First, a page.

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Tuesday, 25 September, 2001, 15:09 GMT 16:09 UK
Heidi draws pilgrims from Japan
The Matterhorn
In summer a sixth of Zermatt's population is Japanese
By Emma Jane Kirby in Zermatt

It is a funny feeling to be sitting in a train carriage in the middle of the Swiss Alps, surrounded by elderly Japanese women eating rice balls and sushi.

As the train begins to climb the mountains towards Gornergrat, a voice comes over the tannoy to warn that the next stop is imminent - once in German, once in English, once in French - and then once again in Japanese.

St Bernard's dogs
The St Bernard's dogs are always popular
My companions gather up their cameras and put on their hoods to prepare themselves for the freezing temperatures outside - and I realise with some shock that I am the only non-Japanese tourist on the train.

Outside at the station, however, the tour guide, Paulo, registers no surprise as some 40 Japanese people, mainly senior citizens, race towards him yelling, "Mountains! Mountains! Alpine flowers!"

This region of the Swiss Alps is no stranger to the Japanese - last year Zermatt alone welcomed 156,672 Japanese tourists, many of them making a pilgrimage to mountains they know from the children's classic, Heidi, by author Johanna Spyri.

They sell you the golden image of Switzerland everywhere you go

Junko Yamada
In fact, the Matterhorn has become such a pilgrimage spot for the Japanese that during the summer, its now estimated that about one sixth of Zermatt`s population is Japanese.

According to tour leader Junko Yamada, from the Japanese tourist office in Zermatt, Switzerland is marketed hard in Japan.

"On the TV, they show you the Sound of Music and documentaries about the clean Swiss air.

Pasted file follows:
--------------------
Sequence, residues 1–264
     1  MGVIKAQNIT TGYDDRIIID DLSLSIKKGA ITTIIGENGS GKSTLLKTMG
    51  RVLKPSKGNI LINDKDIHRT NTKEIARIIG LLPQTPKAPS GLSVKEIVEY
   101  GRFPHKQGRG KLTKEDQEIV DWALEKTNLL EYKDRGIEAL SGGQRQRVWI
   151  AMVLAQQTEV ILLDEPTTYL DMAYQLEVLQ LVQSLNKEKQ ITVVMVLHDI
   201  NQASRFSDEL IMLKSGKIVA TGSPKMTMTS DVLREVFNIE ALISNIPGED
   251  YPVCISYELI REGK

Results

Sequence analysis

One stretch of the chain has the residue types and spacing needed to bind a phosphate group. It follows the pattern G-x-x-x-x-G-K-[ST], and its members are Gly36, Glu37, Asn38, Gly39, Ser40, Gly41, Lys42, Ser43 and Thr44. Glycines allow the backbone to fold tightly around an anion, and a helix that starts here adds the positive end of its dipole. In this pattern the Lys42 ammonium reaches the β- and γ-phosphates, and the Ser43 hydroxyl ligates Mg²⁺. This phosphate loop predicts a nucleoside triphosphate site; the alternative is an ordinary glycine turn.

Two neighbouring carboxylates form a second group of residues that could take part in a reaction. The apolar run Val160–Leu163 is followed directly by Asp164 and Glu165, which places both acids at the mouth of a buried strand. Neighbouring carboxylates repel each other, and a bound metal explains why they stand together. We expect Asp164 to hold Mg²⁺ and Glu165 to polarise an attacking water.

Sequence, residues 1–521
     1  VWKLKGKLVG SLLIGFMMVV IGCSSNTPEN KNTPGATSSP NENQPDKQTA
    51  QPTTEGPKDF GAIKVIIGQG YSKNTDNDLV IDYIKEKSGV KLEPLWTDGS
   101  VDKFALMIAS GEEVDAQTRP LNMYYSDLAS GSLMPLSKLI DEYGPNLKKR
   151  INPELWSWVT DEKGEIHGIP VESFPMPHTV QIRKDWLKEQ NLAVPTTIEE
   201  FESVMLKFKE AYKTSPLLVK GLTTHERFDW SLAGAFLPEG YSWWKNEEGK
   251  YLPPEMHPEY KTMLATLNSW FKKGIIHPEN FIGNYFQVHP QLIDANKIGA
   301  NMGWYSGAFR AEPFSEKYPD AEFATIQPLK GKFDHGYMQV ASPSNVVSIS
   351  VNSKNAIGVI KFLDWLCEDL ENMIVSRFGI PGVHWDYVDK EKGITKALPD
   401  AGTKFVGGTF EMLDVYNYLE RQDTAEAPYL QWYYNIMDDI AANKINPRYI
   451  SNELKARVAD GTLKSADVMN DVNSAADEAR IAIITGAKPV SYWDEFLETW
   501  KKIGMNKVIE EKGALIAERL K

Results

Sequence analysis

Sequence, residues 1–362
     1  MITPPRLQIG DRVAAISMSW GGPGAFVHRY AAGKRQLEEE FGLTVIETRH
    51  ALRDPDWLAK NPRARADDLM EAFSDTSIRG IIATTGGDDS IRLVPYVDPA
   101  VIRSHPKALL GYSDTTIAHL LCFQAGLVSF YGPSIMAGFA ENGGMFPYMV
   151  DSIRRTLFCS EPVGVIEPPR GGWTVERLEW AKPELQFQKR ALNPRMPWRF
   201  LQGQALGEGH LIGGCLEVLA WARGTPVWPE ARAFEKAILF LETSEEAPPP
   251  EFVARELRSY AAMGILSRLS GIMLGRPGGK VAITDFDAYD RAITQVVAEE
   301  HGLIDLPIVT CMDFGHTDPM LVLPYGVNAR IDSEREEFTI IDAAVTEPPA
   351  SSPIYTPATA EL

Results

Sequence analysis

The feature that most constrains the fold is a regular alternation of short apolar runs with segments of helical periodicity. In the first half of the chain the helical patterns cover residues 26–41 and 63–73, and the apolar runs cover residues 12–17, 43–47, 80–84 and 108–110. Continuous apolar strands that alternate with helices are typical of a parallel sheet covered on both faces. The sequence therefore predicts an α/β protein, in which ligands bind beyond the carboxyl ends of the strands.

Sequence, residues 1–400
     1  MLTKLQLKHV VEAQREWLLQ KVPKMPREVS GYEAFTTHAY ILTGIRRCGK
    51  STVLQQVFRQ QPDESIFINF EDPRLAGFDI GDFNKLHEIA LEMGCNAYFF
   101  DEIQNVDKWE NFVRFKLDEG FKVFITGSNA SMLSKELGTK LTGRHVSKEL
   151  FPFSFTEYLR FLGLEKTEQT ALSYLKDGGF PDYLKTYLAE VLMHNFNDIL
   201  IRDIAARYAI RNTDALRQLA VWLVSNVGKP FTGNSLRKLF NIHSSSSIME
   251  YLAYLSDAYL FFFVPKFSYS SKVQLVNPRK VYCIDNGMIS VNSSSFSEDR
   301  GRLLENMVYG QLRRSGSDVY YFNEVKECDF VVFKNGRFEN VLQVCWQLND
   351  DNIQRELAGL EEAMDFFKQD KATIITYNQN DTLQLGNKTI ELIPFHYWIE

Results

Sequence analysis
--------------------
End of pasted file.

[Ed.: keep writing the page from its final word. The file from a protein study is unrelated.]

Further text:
"Travel agents windows are full of pictures of mountains and edelweiss, you even get brochures pushed through your door reminding you that the Japanese crown prince came to Switzerland to buy his fiancée genuine Swiss chocolates."

New footpaths

Paulo is trying to calm the Japanese tourists who are now shouting "Joseph! Joseph!" as they make a beeline for his three St Bernard dogs.

They get very excited when they see the lake and want to head straight for it

Junko Yamada

"There's a cartoon about Heidi in Japan, in which Heidi and her friend Peter have a St Bernard dog called Joseph. I don`t think there is a Joseph in the actual Johanna Spyri story but there is in the Japanese version," Paulo explains.

"They all want to be photographed with Joseph - in the summer I get 40 groups a day up here, with maybe 15 or 20 people in each. That's a lot of Joseph photographs."

The Japanese tourists are now being herded towards the mountain path for a short climb towards the lake.

"It's very difficult to get them to stick to the mountain footpath," says Junko.

"They get very excited when they see the lake and want to head straight for it - this means there is a whole set of unofficial footpaths across the mountains we call 'Japanese paths'."

Past the lake, we come to a restaurant where we pile in for coffee.

Curry and rosti

The head chef Marcus comes out to greet his guests and points out the dishes of the day - noodles, and Japanese curry and rice.

Emma Jane Kirby with Japanese tourists
Emma Jane (left) listens to a heavily accented rendition of Edelweiss
"You can still get traditional Swiss food like fondue and rosti here," he insists.

"It's just that 90% of our customers are now Japanese. I had to go to cookery classes to learn how to cook a few Japanese dishes - they're very popular."

As we head back down to Zermatt again, there is an audible buzz of contentment from the Japanese tourists - soon followed by a heavily accented rendition of the song, Edelweiss, from the film the Sound of Music.

Junko looks at them bemusedly. "They've had a nice traditional day in the Swiss Alps," she says.

"And tonight, their package tour has reserved tables for them at the Japanese restaurant in the town."

See also:

07 Jul 01 | Europe
Swiss celebrate Heidi centenary
18 Aug 98 | Europe
Peace moves in Heidi wars
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